Going off the grid with technology

Going off the grid with technology

Greetings readers!  This is Rob Junod, owner of Robert’s Consulting Service based in Rathdrum Idaho, the middle of nowhere. Well, that’s not quite true. Rathdrum is actually somewhere (can’t make this up, the truth is too good) locked away about 11 miles east of Spokane Washington and is sort of considered part of the Spokane Valley Washington commute zone. but enough about location. Although location does have a real affect on sustainability and having a sustainable lifestyle.

The environment that I live in is in the planning stages of being as “off the grid” as possible, but I do have a few hurdles to cross before getting there. In this post I will share some of the challenges and workarounds for going off the grid with your technology.

For instance, if I am required to be connected to the internet, how can I detach myself from being “wired”? This concept is key to becoming completely off grid. There’s a couple of solutions out there, but there are some drawbacks.  We have these “wireless companies” available, but (in my opinion) they require limiting the bandwidth to the point that one has to spend hundreds on a continual basis in order to  get the job done worry-free. We all have various devices that require connection, whether it be a cell phone, one of the multi-flavored tablets, a laptop or desktop computer.

Your cellphone (aka: your most personal computer device) is controlled by a carrier, and you pay the carrier to the tune of $80/mo for a 2 GB allotment for phone service + internet services. Of course, the rates vary and if you want more, then you have to pay and pay some more.

Your tablet (aka: potential work device) can be controlled by the same service provider as above, with a bandwidth requirement of 4GB – 6GB, but if you’re living on a budget like I am, you still don’t have the freedom to watch a movie for fear of going over your allotment. Let’s not even address the laptop and/or desktop computers and their internet demands!

But for the sake of wrapping it up, let’s just say …. there’s no reasonable answer for these devices (computers) except DSL/CABLE – un-metered bandwidth. So, you are left with a final choice and re-use what you probably already have. So, in order to really live that renewable, small footprint lifestyle, one needs to be frugal as well as smart and determined.  To go off the grid, you have to be able to stick to your guns and be highly dedicated to the cause.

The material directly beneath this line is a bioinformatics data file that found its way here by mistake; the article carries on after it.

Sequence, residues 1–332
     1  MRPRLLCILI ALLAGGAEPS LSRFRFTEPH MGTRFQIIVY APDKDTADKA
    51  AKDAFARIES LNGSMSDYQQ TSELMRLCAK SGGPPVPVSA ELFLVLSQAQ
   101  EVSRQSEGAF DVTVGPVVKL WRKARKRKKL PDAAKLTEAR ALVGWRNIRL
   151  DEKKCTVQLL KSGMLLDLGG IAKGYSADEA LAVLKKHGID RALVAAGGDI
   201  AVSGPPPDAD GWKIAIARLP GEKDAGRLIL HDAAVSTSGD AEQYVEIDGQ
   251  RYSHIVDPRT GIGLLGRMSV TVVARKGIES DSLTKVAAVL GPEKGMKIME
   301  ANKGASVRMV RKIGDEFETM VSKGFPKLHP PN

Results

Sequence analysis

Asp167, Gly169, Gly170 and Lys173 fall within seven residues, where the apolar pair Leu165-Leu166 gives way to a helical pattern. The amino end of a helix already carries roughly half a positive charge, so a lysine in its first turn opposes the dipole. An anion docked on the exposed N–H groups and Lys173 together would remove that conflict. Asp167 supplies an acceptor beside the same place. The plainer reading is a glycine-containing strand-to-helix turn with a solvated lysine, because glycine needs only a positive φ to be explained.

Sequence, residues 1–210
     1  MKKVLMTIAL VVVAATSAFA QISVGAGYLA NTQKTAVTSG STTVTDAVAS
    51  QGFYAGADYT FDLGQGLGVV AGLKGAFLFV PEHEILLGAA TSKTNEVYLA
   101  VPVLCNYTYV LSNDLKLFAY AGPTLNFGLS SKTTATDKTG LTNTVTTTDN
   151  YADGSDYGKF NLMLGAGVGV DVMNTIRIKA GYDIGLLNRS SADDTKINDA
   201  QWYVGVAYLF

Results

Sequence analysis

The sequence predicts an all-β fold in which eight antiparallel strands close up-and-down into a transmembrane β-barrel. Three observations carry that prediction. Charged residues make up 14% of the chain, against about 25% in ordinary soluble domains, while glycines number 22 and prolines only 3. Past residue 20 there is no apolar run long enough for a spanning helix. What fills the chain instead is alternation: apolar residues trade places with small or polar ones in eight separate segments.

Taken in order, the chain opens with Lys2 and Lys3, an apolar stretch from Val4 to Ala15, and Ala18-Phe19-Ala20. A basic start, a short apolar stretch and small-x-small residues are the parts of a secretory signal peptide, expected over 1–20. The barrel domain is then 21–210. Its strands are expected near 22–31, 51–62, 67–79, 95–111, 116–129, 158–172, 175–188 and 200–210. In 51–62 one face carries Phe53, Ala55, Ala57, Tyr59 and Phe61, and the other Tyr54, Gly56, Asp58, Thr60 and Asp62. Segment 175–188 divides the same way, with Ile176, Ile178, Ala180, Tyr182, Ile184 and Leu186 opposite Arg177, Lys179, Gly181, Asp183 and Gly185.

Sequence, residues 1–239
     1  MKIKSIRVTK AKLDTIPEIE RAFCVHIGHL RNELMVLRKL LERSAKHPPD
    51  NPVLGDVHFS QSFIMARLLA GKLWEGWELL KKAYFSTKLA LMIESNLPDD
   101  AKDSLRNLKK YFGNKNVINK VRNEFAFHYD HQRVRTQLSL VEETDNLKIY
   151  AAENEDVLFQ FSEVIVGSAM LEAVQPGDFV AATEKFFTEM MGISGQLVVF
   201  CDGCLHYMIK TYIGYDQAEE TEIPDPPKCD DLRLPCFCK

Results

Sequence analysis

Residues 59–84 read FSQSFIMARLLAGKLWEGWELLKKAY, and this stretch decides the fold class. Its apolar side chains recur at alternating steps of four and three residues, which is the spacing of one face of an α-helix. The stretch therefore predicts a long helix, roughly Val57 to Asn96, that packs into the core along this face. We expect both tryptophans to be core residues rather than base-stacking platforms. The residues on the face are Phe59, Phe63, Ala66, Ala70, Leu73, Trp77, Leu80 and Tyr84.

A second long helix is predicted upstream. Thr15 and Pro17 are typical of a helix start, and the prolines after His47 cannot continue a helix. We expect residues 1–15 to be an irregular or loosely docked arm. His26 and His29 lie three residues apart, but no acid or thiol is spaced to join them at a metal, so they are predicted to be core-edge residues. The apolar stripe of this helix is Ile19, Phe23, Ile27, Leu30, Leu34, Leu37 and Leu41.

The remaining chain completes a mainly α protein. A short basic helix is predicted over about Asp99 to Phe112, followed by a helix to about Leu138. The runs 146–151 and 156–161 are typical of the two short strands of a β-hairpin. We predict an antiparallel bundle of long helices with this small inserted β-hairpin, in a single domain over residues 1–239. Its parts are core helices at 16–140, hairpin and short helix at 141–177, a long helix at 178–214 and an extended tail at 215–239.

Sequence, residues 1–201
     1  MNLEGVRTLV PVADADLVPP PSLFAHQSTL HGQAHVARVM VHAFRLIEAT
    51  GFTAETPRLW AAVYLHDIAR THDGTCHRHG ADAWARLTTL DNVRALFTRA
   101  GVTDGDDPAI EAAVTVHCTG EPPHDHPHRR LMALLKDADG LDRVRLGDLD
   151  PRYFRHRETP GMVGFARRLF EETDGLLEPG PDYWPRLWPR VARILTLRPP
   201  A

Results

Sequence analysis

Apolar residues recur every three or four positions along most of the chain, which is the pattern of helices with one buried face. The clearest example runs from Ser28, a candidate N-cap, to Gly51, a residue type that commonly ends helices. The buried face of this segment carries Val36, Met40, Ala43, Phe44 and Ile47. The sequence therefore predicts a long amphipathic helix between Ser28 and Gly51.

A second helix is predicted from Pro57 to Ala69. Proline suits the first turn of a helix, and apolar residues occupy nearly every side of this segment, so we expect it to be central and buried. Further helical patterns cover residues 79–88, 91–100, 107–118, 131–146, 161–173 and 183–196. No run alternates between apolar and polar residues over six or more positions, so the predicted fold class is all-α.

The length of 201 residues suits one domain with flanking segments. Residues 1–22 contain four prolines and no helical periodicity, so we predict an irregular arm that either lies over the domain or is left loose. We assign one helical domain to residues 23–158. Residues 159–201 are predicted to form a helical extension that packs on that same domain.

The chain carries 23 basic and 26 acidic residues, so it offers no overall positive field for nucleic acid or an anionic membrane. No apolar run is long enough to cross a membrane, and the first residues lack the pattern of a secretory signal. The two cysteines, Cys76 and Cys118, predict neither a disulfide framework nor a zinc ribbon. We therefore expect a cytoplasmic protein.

OK, back to the final choice for wireless services. If you live, work and play within a 2-3 mile radius this solution will work for you like a charm. The initial cost is about $50-$150 (depending upon vendors). What you want to do is find a 15db omni-directional antenna and its related parts, an older LinkSys WiFi router, and a stable DSL/CABLE internet connection. If you have the antenna mounted high enough (on a chimney mount) then you will wind up with an amazing distance for connecting all of your devices. If you are able to go higher, near tree top levels then your distance is going to be that much greater with a potential 3-5 mile radius of transmission.

The reason I mention an older router, is the fact that you have the ability to screw in your antenna cable as opposed to the new routers that are available now, antenna’s are now all hard-wired and inaccessible to the average person. Hence the new need for mandatory repeaters and other gadgets (sales, the upgrade game…. is it really helping the consumer? title for another article in the future). Almost forgot to mention: protect your new mega-wifi network with a good password, unless you want everyone to discover what you have. Hiding the SSID is not a bad idea either.

Once you have something like this setup then finally you will be able to set your devices (cellphones, tablets, etc) to WIFI and have your personal data stream at the lowest cost possible. Save your “data” for when you are completely out of area.

Imagine something like this within a city like San Francisco, where the average building height is 3-5 stories. If just you readers of this article participated in this technology suggestion, imagine how much easier life would become. Your dependency on cellular provision would be at a real minimum, your level of worry would be brought to a near perfect level being “none”. Utopia would be within reach!

The flip side is that something like this would not work within larger cities like NYC (3 of 5 boroughs), Chicago, Detroit and other cities. The real reason is building access “the owners would not go along” and the ability to physically set everything up in a proper and real manner. Additionally there are concerns about signal stability due to the construction of the buildings. Oh well, utopia is not for everyone.

Nevertheless, while it is not always true that “one man can change the world,” I like to think that one man can impact and change the world, with cooperation.

Leave a Reply

Your email address will not be published. Required fields are marked *